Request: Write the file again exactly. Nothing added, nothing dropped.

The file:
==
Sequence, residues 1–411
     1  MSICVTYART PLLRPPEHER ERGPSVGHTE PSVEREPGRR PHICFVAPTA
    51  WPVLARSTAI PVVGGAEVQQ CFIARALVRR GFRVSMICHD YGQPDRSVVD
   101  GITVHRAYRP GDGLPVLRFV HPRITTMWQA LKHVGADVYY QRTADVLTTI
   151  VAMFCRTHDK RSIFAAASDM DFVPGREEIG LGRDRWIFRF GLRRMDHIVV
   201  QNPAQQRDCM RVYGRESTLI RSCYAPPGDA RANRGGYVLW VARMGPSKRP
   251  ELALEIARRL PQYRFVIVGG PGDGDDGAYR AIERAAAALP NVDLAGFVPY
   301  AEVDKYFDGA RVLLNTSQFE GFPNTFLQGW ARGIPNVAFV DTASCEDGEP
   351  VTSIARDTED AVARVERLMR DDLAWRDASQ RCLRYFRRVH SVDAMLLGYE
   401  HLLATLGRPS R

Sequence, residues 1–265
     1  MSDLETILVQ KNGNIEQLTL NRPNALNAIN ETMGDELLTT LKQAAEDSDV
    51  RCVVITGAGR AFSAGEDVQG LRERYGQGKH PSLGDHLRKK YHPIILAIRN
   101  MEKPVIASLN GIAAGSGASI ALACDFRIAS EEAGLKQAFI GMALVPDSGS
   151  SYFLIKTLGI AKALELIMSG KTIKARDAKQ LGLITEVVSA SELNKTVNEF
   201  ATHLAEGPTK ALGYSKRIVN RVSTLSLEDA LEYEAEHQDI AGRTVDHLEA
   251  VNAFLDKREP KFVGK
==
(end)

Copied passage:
Sequence, residues 1–411
     1  MSICVTYART PLLRPPEHER ERGPSVGHTE PSVEREPGRR PHICFVAPTA
    51  WPVLARSTAI PVVGGAEVQQ CFIARALVRR GFRVSMICHD YGQPDRSVVD
   101  GITVHRAYRP GDGLPVLRFV HPRITTMWQA LKHVGADVYY QRTADVLTTI
   151  VAMFCRTHDK RSIFAAASDM DFVPGREEIG LGRDRWIFRF GLRRMDHIVV
   201  QNPAQQRDCM RVYGRESTLI RSCYAPPGDA RANRGGYVLW VARMGPSKRP
   251  ELALEIARRL PQYRFVIVGG PGDGDDGAYR AIERAAAALP NVDLAGFVPY
   301  AEVDKYFDGA RVLLNTSQFE GFPNTFLQGW ARGIPNVAFV DTASCEDGEP
   351  VTSIARDTED AVARVERLMR DDLAWRDASQ RCLRYFRRVH SVDAMLLGYE
   401  HLLATLGRPS R

Sequence, residues 1–265
     1  MSDLETILVQ KNGNIEQLTL NRPNALNAIN ETMGDELLTT LKQAAEDSDV
    51  RCVVITGAGR AFSAGEDVQG LRERYGQGKH PSLGDHLRKK YHPIILAIRN
   101  MEKPVIASLN GIAAGSGASI ALACDFRIAS EEAGLKQAFI GMALVPDSGS
   151  SYFLIKTLGI AKALELIMSG KTIKARDAKQ LGLITEVVSA SELNKTVNEF
   201  ATHLAEGPTK ALGYSKRIVN RVSTLSLEDA LEYEAEHQDI AGRTVDHLEA
   251  VNAFLDKREP KFVGK